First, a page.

Words by David C. Obenour
Are we alone?
A constant wonder for our species, the Space Race of the 20th century further ignited our collective interest and with it came a golden age of science fiction art, architecture, literature, music, cinema and more. But for every vision of advancement and modern luxury, the bleakness of space was also filled with a dread of the unknown filling the vacuum in our imagination.
Taking inspiration from some of the best examples of this dread, Mothership is a retro-modern sci-fi horror RPG. A defined ruleset for an open galaxy all contained within a zine-style format, players bravely (or notso bravely) set out into the future we were warned about.
After releasing the core rulebook, Mothership has seen a number of official and unofficial modules created and compiled – the most recent of which, Gradient Descent (raising over $63,000 on Kickstarter) plays with another classic trope – all to intelligent artificial intellegence running against humanity’s best laid plans.
Off Shelf: Did the theme for Mothership come first or was it the mechanics for a new RPG system?
Sean McCoy: Definitely the theme first. Our mechanics aren’t super groundbreaking by any means, and the original prototype was a pocketmod just meant to get the game up and running. We wanted something simple and easy to hack, and it was important that players knew their chances of success so they could make hard decisions — a d100 system helps with that. My general thinking was that I love sci-fi, but good sci-fi modules are hard to find. I wanted to get to that content, and the system was just a means to an end.
OS: Mothership has a very retro feel to it – with imagery that brings up classic genre pieces from the 70s and 80s. Can you talk about your own history with the sci-fi horror genre?
SM: I’ve loved sci-fi since I was a kid. The first two albums I ever bought were the Armageddon and Men In Black soundtracks [laughs]. I grew up watching the X-files and my dad had old copies of Foundation and his favorite movie has been 2001: A Space Odyssey. More recently I got into the amazing writer Brian Evenson and his story The Dust really helped set the wheels in motion for Mothership.
OS: How do you think the retro modernism plays into how we view the genre today?
SM: Some of it is just nostalgia for sure, an there’s a cool aesthetic there. When I picture a spaceship I want to see giant CRT terminal displays and clunky mechanical keyboards, I don’t want to see sleek iPhone-esque aesthetics. A lot of this comes from the bootstrapped explorer vibe you get when reading about the Space Race.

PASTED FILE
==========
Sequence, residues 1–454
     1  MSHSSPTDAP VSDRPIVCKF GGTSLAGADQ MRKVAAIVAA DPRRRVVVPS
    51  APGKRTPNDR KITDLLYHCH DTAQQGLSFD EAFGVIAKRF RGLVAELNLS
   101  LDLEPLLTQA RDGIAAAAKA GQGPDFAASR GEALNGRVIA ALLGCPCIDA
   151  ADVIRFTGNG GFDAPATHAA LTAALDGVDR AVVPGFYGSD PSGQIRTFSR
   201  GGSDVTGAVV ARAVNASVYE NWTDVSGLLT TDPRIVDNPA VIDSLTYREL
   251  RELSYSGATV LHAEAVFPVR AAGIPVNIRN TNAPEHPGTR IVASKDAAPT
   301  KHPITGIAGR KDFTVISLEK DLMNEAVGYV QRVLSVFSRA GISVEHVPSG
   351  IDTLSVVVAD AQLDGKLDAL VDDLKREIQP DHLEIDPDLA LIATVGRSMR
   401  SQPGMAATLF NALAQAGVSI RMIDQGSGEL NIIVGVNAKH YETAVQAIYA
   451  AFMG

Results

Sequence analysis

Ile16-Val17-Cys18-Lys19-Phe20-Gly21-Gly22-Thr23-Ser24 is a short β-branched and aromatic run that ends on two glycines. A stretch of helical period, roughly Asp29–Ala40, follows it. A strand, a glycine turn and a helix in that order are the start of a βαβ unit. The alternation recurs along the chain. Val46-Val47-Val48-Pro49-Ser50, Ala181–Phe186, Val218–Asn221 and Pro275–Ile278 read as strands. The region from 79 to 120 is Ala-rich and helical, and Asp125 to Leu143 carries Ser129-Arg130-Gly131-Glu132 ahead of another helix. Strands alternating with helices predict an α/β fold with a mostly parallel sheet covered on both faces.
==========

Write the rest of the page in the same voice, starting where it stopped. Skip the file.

For Mothership it’s about that blue collar, trucker aesthetic that comes from Alien. We’re not in that sleek, Tyrell Corp, billionaire futurism, we’re in the working class version of the future and it sucks. And that fringe is where the horror happens. From a gaming standpoint most players have an easier time adapting tech of the past into an imagined future rather than imagining hypothetical technology that doesn’t exist yet. So retro-futurism helps in that regard immensely.
OS: The Stress mechanic seems a great way to really immerse yourself in the genre. Can you talk about how you developed that and what it means to you in the game?
SM: I think in horror games people worry a lot about actually scaring their players at the table, which while I think can be fun, is probably an unrealistic bar for most situations. You can enjoy a horror movie without being scared and I think the same is true for gaming. The Stress mechanic is about seeing where the character is at and helping to model that a little more. It’s had some nice side benefits as well – for instance, if you fail a normal stat check, like say a strength check to open an airlock – you gain Stress. It’s a nice way to keep combat lethal but still have a way to chip at characters over time.
OS: Mercenaries are another fun bit of flavor and gaming to get into the genre. Do you have favorite archetypes you created? What do you think these types of non-player characters add to the game?
SM: I love mercenaries for a few reasons. One, I think it’s important for a lot of groups to be able to have extra characters to jump into if their characters die, or if the party splits up, etc. Two, I think it helps crews to think of themselves as part of a larger unit. As opposed to just like the four players. Instead you’ve got maybe a doctor on the ship, or a couple people down in engineering. I want to encourage more “Troupe play” where players each have a few different characters and I think mercenaries help a lot with that. I don’t think I have a favorite archetype, though I love the Teamster and I’m glad they’ve caught on as well as they have.